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Councilwoman CdeBaca discusses police-protester confrontation after more body camera released

Posted at 6:45 PM, Sep 08, 2020
and last updated 2020-09-09 01:49:37-04

DENVER — Through an open records request, Denver7 has received copies of police body camera video showing more of what took place during a confrontation between police and a group of people protesting a homeless cleanup on Aug. 19.

Denver police were overseeing the cleanup near 29th and Glenarm when protesters began gathering. One of those protesters was Denver City Councilwoman Candi CdeBaca. The footage shows CdeBaca and others chastising the officers who were protecting other city employees as they dispersed a homeless encampment from the area.

In the video, CdeBaca can be heard criticizing officers, at one point calling police officers “dogs.”

“They don’t know s--, they do what they're told. They’re f---ing guard dogs. They’re f---ing guard dogs. They’re just animals like pit bulls, they’re f---ing guard dogs,” CdeBaca is heard saying to the officers.

During the incident, one of the officers’ body cameras was knocked off. That camera was found by a protester and brought to CdeBaca’s attention. She can be heard telling protesters to hang on to the camera.

“There might be footage on there that we need,” she says. “But I don’t know how to access it. We could give it to the attorney.”

In Denver7’s previous coverage of the incident, Cdebaca called on any protester injured by police to sue the city, something that clearly angered the police union and Chief Paul Pazen.

CdeBaca’s said her actions during the protest were simply an effort to look out for the best interests of her constituents.

In a lengthy response, CdeBaca outlined her reasoning behind what is seen in the footage.

“I have been working diligently with DPD officers in my district ever since I was elected into office. I recognize that we all have been put into a difficult situation by the Mayor who continues to act against CDC guidance during a pandemic. Day in and day out, I see the inhumanity of the Mayor’s homeless sweeps. On that particular day, I personally witnessed officers abusing my constituents outside of my office, which took place two days after my peace force bill was voted down. I watched helplessly as four of my constituents were swept as if they were trash rather than human beings, without being shown any compassion. I witnessed two constituents who suffered medical episodes as a result of the stress by the militarized sweep, including one who had to be taken to the emergency room.

“My comments were directed at officers who stood by while these inhumane events took place. At the root of why people believe policing must evolve is the shame and outrage we feel at the enforcement of the most egregious laws called Black Codes, which is why on the body cam video, you can hear me refer to the outdated vagrancy laws that were used to arrest Black people after they were freed from slavery.

“Rather than focusing solely on the language that I used to convey my distress as I stood behind police tape while my constituents were being abused, it would be more productive to focus on those who were assaulted by DPD that day, and on the $10,000+ in wasted taxpayer dollars used to deploy over 60 officers to remove 4 campers, rather than using those funds to get them off the streets in the first place. When housed people are evicted from their homes, the city rarely uses more than two Sheriff’s deputies to remove them, yet when DPD officers are involved the force is often excessive. Why does this administration deny unhoused people the equal protection of our laws? I will continue to stand up for those who are least able to protect themselves from such abuses.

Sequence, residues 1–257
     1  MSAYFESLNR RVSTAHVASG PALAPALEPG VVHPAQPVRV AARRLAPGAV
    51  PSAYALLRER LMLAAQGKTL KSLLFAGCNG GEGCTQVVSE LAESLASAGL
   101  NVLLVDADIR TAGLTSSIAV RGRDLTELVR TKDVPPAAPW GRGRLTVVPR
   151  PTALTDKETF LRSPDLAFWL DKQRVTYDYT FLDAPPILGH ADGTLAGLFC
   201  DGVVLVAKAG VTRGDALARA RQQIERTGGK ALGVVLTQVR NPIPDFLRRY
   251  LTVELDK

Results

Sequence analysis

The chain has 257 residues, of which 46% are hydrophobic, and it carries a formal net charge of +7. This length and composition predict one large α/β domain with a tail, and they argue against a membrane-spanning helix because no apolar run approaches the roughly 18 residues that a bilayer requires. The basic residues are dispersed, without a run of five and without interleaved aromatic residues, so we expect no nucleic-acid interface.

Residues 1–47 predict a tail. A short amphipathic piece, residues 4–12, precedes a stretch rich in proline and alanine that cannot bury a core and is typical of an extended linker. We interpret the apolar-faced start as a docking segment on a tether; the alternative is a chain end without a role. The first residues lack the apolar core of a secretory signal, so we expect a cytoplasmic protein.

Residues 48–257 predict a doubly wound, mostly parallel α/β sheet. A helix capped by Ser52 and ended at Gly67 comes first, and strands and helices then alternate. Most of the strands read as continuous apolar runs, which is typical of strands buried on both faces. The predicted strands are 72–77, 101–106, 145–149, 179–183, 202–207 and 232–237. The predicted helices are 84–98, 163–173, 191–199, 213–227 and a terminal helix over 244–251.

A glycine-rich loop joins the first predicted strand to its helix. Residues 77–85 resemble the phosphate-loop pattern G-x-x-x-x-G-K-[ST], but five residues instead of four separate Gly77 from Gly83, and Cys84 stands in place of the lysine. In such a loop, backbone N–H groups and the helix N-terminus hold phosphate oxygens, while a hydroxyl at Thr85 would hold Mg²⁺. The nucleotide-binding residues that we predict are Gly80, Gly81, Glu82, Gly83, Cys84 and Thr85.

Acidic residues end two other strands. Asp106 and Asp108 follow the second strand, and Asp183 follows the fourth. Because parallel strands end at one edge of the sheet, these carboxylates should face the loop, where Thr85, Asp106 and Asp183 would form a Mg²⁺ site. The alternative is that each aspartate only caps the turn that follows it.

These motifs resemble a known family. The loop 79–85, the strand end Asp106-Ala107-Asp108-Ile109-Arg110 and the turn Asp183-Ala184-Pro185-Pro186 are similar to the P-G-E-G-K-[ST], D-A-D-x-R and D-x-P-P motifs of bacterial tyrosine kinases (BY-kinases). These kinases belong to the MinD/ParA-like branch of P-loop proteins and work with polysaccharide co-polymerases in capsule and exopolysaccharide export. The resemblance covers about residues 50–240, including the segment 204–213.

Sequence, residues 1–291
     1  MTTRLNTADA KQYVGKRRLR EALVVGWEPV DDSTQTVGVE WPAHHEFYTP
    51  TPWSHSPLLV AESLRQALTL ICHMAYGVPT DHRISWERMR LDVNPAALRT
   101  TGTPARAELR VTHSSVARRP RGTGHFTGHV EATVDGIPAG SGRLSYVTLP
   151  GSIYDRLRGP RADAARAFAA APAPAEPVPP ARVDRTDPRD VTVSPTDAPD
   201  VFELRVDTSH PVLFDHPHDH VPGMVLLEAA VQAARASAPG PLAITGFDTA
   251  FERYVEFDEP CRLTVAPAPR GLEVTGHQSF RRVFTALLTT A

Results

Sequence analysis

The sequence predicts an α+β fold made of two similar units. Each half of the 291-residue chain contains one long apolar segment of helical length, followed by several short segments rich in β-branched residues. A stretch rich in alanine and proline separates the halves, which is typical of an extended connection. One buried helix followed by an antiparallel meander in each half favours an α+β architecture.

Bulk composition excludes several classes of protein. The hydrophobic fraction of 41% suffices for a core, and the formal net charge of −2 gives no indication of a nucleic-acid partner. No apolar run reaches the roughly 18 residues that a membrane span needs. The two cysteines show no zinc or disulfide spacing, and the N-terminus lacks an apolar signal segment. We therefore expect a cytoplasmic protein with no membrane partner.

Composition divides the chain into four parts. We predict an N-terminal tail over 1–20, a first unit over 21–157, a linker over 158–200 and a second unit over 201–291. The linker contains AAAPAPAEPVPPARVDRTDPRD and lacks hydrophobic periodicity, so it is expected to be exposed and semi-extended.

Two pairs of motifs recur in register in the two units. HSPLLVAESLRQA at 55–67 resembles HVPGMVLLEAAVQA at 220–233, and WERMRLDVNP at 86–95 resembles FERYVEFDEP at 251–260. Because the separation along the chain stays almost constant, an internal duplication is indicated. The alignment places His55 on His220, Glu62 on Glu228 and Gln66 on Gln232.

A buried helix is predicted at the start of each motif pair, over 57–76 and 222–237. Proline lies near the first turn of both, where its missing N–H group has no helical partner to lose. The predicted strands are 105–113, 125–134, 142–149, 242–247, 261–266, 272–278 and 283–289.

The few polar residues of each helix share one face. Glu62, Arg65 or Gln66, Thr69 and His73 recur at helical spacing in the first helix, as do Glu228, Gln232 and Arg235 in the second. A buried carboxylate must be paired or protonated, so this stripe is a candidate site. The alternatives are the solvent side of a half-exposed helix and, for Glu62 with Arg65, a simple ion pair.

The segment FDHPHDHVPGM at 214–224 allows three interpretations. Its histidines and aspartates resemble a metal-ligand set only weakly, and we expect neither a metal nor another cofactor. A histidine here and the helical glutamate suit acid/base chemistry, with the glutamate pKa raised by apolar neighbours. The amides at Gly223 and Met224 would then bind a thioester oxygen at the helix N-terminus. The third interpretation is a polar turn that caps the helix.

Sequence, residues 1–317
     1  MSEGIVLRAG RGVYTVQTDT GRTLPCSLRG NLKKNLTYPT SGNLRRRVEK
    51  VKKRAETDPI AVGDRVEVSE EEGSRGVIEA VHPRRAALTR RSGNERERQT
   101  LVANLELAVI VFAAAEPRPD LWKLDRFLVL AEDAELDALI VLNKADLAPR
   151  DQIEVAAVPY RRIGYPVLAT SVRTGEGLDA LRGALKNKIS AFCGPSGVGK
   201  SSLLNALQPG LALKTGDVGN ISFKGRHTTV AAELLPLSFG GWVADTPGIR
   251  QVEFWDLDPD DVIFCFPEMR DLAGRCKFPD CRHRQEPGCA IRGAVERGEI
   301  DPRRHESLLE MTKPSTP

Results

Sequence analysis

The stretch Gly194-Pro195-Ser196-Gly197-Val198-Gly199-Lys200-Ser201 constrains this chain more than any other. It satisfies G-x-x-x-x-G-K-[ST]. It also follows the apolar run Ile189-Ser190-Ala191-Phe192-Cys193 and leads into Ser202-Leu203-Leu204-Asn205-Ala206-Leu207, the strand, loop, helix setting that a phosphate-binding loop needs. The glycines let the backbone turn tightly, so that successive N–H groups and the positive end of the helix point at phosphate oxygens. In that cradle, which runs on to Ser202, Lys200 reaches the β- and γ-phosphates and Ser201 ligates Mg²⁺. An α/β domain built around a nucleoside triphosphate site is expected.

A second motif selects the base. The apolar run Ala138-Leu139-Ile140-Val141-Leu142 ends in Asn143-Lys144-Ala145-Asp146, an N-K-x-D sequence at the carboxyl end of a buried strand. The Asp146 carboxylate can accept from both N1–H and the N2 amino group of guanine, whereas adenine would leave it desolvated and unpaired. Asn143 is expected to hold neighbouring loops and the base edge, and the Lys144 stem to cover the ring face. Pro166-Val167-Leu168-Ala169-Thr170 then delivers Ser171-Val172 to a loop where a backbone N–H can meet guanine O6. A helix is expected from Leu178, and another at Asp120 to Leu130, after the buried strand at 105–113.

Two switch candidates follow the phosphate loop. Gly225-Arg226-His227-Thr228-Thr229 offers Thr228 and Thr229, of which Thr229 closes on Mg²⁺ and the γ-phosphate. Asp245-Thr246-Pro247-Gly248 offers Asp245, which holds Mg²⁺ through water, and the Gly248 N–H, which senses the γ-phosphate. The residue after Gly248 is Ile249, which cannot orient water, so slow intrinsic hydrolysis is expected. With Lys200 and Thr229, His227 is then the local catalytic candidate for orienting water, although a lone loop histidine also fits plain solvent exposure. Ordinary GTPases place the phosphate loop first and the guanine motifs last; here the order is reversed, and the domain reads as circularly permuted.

“Finally, during the altercation between a police officer and protesters, an officer apparently lost their body camera, which was turned in to me. I returned that camera to Chief Pazen the following day. Any suggestion otherwise is irresponsible. It is also irresponsible to release only the leaked snippets rather than the complete footage from all officers involved in those beatings that day. Hopefully, you will cover the full context of these issues rather than producing yet another one-sided policing story that leaves out the trauma sustained by victims of excessive force, and the Mayor’s failed homelessness policies.”

Denver7 reached out to the mayor’s office as well and the Denver police union president for comment and had not received responses as of the time of publication.

In a statement, DPD spokesman Doug Schepman said the following:

“Officers were in the area of 29th St. and Glenarm St. contacting individuals experiencing homelessness, working to connect them with available services and enforcing the Unauthorized Camping Ordinance, and some individuals accepted medical and housing services.

“While in the area, officers observed a man among a crowd of people who appeared to be armed with a handgun. Out of concern for everyone’s safety, the suspect was detained and was found to be in possession of a realistic replica firearm (BB or air soft type gun).

“While detaining the man, two Denver Police officers were struck and/or kicked by bystanders. The officers who were assaulted radioed for assistance and a large number of officers responded to the area to move the crowd back.

“The officers suffered minor injuries; they were checked out and cleared by paramedics on-scene.

“DPD is continuing to review this incident.”

Denver police union president Nick Rogers spoke with Denver7 Tuesday evening, and said CdeBaca lied about being in possession of the body camera for less than a day.

"She was in possession of it for 51 hours, there's no disputing that."